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How Good Should You Feel About BPA Substitutes?

Manufacturers are replacing the endocrine-disrupting plasticizer BPA with other compounds. Are these BPA substitutes really safer?

Over the last few decades, scientists have identified a large number of compounds that can mimic hormones like estrogen. These endocrine disruptors include bisphenol A, also known as BPA. Scientists have evidence that this compound disrupts hormone function and reproduction in animals. The consequences are obesity, infertility and increased rates of cancer (Nature Reviews Endocrinology, online, May 25, 2010). As a result, consumers have demanded BPA-free baby bottles and sports containers. Many manufacturers have started using BPA substitutes such as bisphenol S (BPS).

How Safe Are the BPA Substitutes?

A new study demonstrates that some of the chemicals used instead of BPA may have the same negative effects in laboratory animals (Current Biology, online Sept. 13, 2018).  Dr. Patricia Hunt and her colleagues found that when pregnant mice are exposed to either BPA or BPS, the female fetuses have more chromosomal abnormalities than those whose dams were exposed to a placebo compound. When newborn male mice were exposed, they had damage to the chromosomes in their sperm.

The chromosomal abnormalities persisted in subsequent generations of mice. Whether these endocrine disruptors have the same effects on humans is not yet known, but the research does suggest that “BPA-free” may not be a guarantee of safety.

BPA-Free Cans for Soup?

Water bottles and other hard clear plastic containers are not the only source of BPA in our food. Manufacturers of canned foods are working on BPA substitutes as well. Here’s why:

Eating canned soup raises levels of BPA in the body (JAMA, Nov. 23/30, 2011). Canned soup has enjoyed a reputation as a healthful hot food for decades, but research from the Harvard School of Public Health suggests that canned soup may have an unanticipated ingredient. Cans for food are usually lined with a plastic resin containing BPA.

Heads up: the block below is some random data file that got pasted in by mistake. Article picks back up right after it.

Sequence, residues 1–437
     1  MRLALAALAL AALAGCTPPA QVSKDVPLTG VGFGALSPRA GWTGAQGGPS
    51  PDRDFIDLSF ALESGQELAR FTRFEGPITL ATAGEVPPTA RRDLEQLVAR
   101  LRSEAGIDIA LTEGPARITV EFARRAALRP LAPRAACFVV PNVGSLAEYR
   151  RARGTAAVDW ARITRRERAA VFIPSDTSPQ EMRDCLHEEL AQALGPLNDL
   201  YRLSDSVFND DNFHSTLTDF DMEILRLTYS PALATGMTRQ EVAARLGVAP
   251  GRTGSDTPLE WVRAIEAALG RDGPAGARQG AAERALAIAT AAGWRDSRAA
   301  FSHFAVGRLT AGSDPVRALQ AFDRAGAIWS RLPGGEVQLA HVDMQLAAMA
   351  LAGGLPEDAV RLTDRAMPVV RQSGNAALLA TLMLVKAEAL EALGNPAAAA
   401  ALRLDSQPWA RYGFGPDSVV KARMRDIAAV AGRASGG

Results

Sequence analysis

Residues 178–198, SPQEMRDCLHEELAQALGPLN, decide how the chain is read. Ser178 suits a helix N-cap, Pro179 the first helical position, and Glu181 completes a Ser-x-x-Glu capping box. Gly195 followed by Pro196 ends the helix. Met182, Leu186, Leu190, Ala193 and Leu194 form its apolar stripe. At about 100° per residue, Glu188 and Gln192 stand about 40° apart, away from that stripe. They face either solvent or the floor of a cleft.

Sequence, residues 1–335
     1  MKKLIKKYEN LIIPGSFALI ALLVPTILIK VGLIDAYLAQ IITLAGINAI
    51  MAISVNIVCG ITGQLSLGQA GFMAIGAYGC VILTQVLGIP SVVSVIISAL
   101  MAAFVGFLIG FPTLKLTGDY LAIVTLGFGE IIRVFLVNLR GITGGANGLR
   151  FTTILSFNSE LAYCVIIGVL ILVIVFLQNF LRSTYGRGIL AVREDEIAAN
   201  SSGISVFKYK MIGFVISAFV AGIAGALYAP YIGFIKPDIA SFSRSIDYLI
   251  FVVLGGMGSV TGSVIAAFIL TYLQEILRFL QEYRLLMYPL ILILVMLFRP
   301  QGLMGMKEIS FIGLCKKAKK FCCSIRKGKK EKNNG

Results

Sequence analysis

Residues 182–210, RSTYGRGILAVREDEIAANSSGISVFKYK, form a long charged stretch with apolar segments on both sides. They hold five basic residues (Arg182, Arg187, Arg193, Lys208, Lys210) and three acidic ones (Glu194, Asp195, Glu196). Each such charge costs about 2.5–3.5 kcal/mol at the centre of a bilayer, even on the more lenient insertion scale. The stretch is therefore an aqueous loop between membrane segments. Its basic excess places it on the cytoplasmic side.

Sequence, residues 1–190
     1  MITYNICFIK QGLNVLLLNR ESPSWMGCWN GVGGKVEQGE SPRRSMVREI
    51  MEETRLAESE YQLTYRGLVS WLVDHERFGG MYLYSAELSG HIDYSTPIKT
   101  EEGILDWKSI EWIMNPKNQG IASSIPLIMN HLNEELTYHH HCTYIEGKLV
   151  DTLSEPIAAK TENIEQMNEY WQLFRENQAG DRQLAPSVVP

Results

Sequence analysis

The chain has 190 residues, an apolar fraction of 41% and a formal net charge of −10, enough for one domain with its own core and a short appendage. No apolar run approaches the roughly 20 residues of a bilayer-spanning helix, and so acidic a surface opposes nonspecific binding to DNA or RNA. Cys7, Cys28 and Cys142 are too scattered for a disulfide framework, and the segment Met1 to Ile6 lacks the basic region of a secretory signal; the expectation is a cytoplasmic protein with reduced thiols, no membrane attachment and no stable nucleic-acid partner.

Before the study, scientists didn’t know whether the BPA would be absorbed into the body. In the study, 75 volunteers ate either freshly made vegetable soup or canned vegetable soup for five days. Their urine was tested for BPA levels. After consuming canned soup, volunteers had urinary levels of BPA that were 20 times higher than after eating home-made soup.

Previous concerns over BPA levels focused on baby bottles and hard clear plastic water bottles. As a result of this research, parents may need to think about the safety of canned foods as well. Campbell Soup Company pledged that its products would be BPA-free by now. The questions about BPA substitutes may still give parents pause.

Making soup from scratch may be more time-consuming but the peace of mind it provides could be worth the effort.

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About the Author
Terry Graedon, PhD, is a medical anthropologist and co-host of The People’s Pharmacy radio show, co-author of The People’s Pharmacy syndicated newspaper columns and numerous books, and co-founder of The People’s Pharmacy website. Terry taught in the Duke University School of Nursing and was an adjunct assistant professor in the Department of Anthropology. She is a Fellow of the Society of Applied Anthropology. Terry is one of the country's leading authorities on the science behind folk remedies..
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